2775
5 Caruana, Fabiano GM Italy
2774
6 Karjakin, Sergey GM Russia
2767
7 Morozevich, Alexander GM Russia
2760
8 Mamedyarov, Shakhriyar GM Azerbaijan
2753
9 Gelfand, Boris GM Israel
2744
10 Andrekin, Dmitry GM Russia
2724
Arbiter: Andrzej Filipowicz (Poland)

15 Comments

  1. Nakamura wins Tal Memorial Blitz!

    GM Hikaru Nakamura
    Photo by Etery Kublashvili

    Hikaru Nakamura celebrated his new sponsorship with Silence Therapeutics by winning the blitz tournament at the Tal Memorial with 7/9. Viswanathan Anand came in second on 6.5/9. This novel idea was implemented a year ago as a welcome addition with the dual purpose of determining the pairing numbers.

    Thus, the pairings have been set. Each player (in the order of their standing in the blitz) was able to choose their pairing number and Nakamura chose #5, Anand #2, Kramnik #7, Gelfand #3, Carlsen #4, Andreikin #1, Mamedyarov #6, Karjakin #8, Morozevich #10 and Caruana number #9.

  2. Round #1 – Thursday, 13 June 2013

    Dmitry Andreikin (2713) ½-½ Alexander Morozevich (2760)
    Viswanathan Anand (2786) 0-1 Fabiano Caruana (2774)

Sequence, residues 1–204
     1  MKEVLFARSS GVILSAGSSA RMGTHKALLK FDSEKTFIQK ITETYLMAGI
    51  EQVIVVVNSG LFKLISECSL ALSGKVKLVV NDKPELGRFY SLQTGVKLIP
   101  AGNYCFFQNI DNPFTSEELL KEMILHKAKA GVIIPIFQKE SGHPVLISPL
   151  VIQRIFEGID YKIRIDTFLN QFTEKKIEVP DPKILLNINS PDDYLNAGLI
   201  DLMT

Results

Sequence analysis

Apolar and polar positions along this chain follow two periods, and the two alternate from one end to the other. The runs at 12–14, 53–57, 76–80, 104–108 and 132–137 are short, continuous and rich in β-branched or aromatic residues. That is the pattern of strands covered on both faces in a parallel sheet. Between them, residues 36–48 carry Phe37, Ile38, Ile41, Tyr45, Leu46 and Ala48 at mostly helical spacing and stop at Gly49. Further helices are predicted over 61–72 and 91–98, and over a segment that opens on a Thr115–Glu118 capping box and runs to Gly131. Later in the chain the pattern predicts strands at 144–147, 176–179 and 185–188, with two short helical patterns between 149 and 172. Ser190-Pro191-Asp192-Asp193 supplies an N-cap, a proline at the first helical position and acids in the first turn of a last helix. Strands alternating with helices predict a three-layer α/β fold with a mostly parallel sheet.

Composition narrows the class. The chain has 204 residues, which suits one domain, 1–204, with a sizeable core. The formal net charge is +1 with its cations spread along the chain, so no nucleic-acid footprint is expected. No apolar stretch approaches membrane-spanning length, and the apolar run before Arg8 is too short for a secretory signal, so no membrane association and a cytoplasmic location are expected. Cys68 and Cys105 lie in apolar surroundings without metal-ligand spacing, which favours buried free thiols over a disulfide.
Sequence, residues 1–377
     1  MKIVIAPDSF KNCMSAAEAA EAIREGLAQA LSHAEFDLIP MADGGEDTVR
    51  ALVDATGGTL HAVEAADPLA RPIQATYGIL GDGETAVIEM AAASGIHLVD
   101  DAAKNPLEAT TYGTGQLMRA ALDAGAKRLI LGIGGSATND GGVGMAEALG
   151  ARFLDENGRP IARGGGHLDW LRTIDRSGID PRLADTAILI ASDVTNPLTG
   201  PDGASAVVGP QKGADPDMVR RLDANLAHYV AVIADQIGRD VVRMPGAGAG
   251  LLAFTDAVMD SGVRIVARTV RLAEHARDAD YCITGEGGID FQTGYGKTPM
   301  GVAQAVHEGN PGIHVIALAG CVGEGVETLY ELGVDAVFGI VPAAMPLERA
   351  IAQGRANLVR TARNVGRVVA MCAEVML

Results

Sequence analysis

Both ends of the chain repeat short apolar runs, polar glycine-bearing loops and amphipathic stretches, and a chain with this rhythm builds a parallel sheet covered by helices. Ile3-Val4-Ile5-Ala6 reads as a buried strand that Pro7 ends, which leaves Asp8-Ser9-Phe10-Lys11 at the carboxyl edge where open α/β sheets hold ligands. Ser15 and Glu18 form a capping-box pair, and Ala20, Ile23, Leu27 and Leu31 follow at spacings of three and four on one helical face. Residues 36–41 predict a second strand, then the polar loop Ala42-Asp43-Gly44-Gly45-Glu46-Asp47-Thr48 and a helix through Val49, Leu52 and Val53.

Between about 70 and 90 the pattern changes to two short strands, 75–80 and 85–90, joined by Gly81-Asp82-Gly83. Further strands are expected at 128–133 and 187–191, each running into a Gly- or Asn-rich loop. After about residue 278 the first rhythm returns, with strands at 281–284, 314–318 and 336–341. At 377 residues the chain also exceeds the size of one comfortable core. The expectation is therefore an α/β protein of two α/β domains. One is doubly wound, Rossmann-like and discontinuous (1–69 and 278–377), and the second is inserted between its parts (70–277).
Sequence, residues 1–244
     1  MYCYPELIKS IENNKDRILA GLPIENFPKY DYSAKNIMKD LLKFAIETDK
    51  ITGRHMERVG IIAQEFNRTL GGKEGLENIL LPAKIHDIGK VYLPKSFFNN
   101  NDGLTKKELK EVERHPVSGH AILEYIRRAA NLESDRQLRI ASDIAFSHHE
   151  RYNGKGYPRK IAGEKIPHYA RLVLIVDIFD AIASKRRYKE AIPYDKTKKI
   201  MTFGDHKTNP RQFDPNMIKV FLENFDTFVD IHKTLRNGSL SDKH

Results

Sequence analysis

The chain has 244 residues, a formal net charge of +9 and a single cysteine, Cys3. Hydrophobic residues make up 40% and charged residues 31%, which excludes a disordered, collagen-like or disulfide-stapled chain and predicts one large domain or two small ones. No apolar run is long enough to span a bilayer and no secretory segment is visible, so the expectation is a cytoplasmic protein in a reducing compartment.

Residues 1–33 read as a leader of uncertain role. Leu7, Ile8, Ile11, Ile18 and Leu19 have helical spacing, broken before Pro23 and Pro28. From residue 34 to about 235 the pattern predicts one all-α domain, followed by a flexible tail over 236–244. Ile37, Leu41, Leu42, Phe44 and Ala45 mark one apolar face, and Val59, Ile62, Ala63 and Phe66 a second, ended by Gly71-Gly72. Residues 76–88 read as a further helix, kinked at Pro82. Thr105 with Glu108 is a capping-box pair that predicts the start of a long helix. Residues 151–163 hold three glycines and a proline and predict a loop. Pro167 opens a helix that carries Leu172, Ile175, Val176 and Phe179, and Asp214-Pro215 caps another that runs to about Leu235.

Boris Gelfand (2755) ½-½ Sergey Karjakin (2782)
    Magnus Carlsen (2864) 1-0 Vladimir Kramnik (2803)
    Hikaru Nakamura (2784) 0-1 Shakhriyar Mamedyarov (2753)

    The first round of the Tal Memorial started quickly with three wins and a number of subthemes. While Andreikin was able to tame Morozevich’s pet Dragon, Caruana unfurled novel play against Anand’s anti-Marshall. Caruana insisted sacrifice something and donated a pawn for a pair of strong bishops and lasting initiative. Anand tried to return the pawn, but that seem to make things worse and the Italian’s bishops begin to assert authority. Combined with an active rook, Caruana invaded and started ravaging kingside pawns. Gelfand got nothing from his Catalan against Karjakin.

    Kramnik showed poor endgame technique against Carlsen.
    Photo by Etery Kublashvili.